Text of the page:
A fortyish priest with salon-trimmed hair showed up a minute later. Father Patrick Mackey did a poor job of hiding his double take when he spotted the Neat Man's icy smile.
It took a little longer for the baggy-necked old lady to get out of the pew than to make her confession. Then the Neat Man almost knocked her down as he slid in after her through the confessional door.
"Yes, my son," said the priest behind the screen.
"Northeast corner of Fifty-first and Madison," the Neat Man said. "Twenty minutes, Fodder. Be there, or else there will be consequences."
It was more like thirty minutes later when Father Mackey opened the passenger door of the Neat Man's idling van. He had exchanged his priest duds for a bright blue ski jacket and jeans. He pulled a cardboard tube from beneath the jacket's puffy folds.
"You got it!" the Neat Man said. "Well done, Fodder. You're a good assistant."
The priest nodded as he craned his neck back toward the church. "We should drive," he said.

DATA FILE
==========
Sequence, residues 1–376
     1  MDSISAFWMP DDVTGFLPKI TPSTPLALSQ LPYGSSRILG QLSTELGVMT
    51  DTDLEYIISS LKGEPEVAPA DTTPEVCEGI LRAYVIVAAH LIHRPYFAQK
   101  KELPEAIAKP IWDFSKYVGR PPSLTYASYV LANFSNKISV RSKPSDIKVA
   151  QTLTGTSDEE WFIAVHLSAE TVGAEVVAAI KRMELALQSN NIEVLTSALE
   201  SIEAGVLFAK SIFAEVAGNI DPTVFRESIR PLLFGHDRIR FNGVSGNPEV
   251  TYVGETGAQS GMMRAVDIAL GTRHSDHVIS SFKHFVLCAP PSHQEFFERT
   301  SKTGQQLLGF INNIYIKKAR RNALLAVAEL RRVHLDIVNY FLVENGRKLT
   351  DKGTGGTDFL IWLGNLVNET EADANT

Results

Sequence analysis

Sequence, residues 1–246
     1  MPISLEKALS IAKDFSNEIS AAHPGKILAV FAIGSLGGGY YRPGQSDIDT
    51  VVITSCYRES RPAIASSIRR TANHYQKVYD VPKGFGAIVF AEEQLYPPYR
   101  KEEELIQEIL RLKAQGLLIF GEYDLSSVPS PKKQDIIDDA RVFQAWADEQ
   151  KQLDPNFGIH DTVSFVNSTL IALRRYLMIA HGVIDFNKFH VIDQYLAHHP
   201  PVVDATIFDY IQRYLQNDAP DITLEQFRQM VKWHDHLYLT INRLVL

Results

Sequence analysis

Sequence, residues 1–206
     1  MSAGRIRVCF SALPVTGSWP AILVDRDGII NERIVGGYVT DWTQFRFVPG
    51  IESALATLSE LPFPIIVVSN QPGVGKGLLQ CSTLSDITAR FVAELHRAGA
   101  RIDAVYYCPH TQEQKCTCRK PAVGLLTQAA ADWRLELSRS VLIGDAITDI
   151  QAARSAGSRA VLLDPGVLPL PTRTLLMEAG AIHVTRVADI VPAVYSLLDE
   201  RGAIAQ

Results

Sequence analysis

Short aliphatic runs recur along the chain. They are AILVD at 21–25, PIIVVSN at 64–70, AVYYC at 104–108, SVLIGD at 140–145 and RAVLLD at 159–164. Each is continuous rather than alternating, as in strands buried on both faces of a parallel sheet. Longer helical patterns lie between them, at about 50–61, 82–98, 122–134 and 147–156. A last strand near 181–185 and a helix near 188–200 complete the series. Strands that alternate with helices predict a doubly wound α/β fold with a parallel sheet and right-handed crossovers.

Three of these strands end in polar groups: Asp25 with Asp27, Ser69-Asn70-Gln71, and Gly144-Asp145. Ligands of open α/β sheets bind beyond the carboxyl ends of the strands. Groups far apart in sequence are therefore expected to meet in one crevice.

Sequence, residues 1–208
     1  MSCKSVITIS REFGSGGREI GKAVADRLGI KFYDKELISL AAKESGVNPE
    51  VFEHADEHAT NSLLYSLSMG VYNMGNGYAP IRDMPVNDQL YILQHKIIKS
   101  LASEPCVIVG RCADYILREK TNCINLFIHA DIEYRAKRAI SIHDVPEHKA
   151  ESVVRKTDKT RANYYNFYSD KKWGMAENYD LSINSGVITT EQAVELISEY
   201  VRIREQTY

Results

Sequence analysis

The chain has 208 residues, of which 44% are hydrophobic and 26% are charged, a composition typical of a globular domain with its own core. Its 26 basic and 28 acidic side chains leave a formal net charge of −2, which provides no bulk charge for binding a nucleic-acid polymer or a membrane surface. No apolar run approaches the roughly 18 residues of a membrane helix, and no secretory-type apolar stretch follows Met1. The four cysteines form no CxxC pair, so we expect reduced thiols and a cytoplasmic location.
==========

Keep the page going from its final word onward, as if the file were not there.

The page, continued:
Ten minutes later, they parked in an empty lot beside an abandoned heliport. Out through the windshield, the East River looked like a field of trampled mud stretching before them. The Neat Man stifled a joke as he popped the lid off the cylinder the priest had brought. You could practically taste the PCBs in the air, he thought.
The prints inside were old and cracked, yellowed at the edges like parchment. The Neat Man stopped his tracing finger at the center of the second print.
There it was! It wasn't just a rumor. It was real.
And he had it.
The final detail for his masterpiece.
"And no one knows you have these?" the Neat Man said.
"No one," the priest said, and chuckled. "Doesn't the paranoia of the Church boggle the mind? The institution I work for is a puzzle palace."
The Neat Man clucked his tongue, unable to take his eyes off the architectural drawing. But finally, he lifted a silenced Colt Woodsman out from underneath the seat of the van. The double tap of the .22 was subtle to the ear, but it was as if a grenade had gone off inside Father Mackey's head. "Go straight to hell," the Neat Man said.
Then he did a frantic scan of his face in the rearview and threw his head back in horror. Specks of blood freckled his forehead above his right eye. It was only after he'd scoured the hateful spots with Wet-Naps and upended a bottle of rubbing alcohol onto his face that his breathing returned to normal.